I bet you thought I was going to say A is for ‘alcohol’, or maybe ‘addiction’. Am I right?
I think I have a better A for you.
‘A is for Agency’
This such a powerful word, I love it! And do you know why?
Because no one ever made a conscious change without it.
It’s like a magic key.
I didn’t have it for years when it came to alcohol. I mean years…
I carried a secret drink problem around with me for decades.
How to quit alcohol on your own – can it be done?
The answer is, YES. It can be done.
There are some key things you’ll need to think about and have in place and pitfalls to avoid as well.
As the founder of The Alcohol Coach, its my job to coach clients, train them, educate and encourage them away from a life where alcohol causes problems, and where they are stuck in a growing cycle of addiction.
An alcohol coach isn’t the same as a counselor. I take people from where they are now and move them forwards to a place they want to be. We start from day 1 and move forwards. It’s often said that a coach takes people from the dark into the light, and that’s a great way to think about alcohol coaching and my job as an alcohol coach.
I am also an alcohol teacher who provides learning and information to help people make sense of the alcohol conundrum, and that is so important because there is a dearth of misinformation out there about alcohol and addiction.
So here it is… you have set yourself goals for being sober and not drinking alcohol, and now you find yourself craving the very thing that you promised yourself you wouldn’t have. What can you do about it?
The first thing to remember is that alcohol addiction is 90-95% psychological, and the physical part of addiction is actually very small. It makes sense then that if you can manage the thinking part of the craving, then you are 90% of the way there!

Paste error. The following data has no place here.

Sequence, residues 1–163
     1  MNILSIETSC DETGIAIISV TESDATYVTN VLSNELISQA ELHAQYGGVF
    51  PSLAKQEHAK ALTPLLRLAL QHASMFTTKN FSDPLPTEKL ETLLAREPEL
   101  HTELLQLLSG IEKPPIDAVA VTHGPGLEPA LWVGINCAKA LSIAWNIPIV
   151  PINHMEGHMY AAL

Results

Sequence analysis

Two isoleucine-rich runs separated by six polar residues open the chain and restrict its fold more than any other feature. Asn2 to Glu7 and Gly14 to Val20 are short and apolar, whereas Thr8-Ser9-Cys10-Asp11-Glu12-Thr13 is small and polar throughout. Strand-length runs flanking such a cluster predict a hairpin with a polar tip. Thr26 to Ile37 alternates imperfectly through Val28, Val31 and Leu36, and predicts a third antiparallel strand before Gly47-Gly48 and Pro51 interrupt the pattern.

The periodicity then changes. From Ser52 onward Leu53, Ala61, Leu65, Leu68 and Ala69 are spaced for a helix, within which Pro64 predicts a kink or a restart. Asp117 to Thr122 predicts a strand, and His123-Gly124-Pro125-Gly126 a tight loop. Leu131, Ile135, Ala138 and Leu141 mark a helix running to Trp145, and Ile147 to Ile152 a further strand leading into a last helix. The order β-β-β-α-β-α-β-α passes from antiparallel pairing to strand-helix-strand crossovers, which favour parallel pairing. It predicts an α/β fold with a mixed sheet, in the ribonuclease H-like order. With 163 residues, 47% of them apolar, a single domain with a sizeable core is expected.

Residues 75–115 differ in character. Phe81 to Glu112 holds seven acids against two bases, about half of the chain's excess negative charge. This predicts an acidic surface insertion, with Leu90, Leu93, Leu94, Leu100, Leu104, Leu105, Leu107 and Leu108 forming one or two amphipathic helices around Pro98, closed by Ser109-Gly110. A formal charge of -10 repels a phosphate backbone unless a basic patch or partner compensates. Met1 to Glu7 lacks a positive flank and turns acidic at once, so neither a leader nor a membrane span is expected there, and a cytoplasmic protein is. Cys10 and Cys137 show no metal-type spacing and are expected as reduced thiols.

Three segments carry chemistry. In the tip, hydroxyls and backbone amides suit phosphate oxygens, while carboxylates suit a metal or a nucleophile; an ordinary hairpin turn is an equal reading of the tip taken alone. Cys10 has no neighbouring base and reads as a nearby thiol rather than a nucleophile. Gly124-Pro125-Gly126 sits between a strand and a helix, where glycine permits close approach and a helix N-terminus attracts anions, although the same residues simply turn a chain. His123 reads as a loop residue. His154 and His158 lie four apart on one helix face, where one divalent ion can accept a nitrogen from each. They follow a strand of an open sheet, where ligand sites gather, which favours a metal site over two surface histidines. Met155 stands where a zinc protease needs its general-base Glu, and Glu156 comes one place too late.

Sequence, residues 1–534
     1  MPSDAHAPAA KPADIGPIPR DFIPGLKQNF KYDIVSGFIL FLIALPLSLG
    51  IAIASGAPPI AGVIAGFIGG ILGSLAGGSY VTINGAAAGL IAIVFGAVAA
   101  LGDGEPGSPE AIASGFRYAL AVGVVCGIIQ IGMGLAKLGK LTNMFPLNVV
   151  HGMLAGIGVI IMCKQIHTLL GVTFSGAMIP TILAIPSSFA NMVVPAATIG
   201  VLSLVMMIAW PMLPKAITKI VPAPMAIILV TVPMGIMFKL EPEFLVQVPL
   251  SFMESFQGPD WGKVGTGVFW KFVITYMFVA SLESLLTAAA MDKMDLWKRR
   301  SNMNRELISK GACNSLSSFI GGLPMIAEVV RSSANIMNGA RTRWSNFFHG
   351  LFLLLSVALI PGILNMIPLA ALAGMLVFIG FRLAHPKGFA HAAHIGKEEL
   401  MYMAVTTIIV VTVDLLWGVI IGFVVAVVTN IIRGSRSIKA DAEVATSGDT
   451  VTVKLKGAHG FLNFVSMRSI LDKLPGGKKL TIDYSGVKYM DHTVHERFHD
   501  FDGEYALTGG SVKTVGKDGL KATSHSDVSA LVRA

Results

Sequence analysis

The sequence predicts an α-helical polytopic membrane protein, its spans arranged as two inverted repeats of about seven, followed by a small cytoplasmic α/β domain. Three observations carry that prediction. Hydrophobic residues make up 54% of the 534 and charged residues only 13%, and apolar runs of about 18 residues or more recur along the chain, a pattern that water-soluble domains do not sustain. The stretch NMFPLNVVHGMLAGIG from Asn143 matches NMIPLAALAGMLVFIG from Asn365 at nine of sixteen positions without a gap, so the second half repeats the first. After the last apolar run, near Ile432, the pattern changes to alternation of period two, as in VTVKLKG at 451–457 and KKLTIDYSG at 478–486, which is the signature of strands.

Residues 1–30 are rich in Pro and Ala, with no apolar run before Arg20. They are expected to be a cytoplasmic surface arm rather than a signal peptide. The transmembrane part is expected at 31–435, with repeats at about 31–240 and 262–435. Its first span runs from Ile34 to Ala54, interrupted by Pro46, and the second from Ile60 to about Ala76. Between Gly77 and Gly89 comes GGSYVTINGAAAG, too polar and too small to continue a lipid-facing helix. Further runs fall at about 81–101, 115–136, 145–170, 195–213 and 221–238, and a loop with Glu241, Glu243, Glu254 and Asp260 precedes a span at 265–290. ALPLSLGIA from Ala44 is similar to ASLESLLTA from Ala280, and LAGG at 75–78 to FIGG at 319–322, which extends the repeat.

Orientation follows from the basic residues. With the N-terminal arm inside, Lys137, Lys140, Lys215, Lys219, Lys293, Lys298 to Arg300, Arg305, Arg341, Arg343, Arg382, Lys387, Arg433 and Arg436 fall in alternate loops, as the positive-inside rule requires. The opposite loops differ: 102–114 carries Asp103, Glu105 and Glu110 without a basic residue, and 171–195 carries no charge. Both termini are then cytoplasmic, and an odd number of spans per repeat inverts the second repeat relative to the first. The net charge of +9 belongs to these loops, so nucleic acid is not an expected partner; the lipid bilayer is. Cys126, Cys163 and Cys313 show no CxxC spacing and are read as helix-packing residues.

Here are some tips for you:
As the coronavirus sweeps the planet, people are drawing attention to their first and last line of defence: their immunity. A World Health Organisation (WHO) official has issued a warning about turning to alcohol as a coping strategy during the coronavirus lockdown saying that it depletes mental health and physical immunity.
We know that alcohol dulls our ability to think and function clearly, and that it also causes anxiety and stress. (If you are unsure about this watch the free Masterclass HERE).
Alcohol adversely affects our mental health every time we wake up with those feelings of guilt and regret, and right now, we need all the mental strength that we can get. Turning to alcohol as a coping mechanism will further entrench addiction and will reduce your ability to cope well with the challenges that you are facing.
But alcohol damages our health in different ways, and the most significant right now is that it also weakens our immune system and could make us much more vulnerable to viruses.
Corona virus (Covid-19) is causing unprecedented stress, uncertainty and unexpected changes to our lives. As stress levels rise there is a risk that people who are newly sober, and even those who have been alcohol-free for months or years may find themselves wanting or having a drink. This video explains why this is, and what to do about it.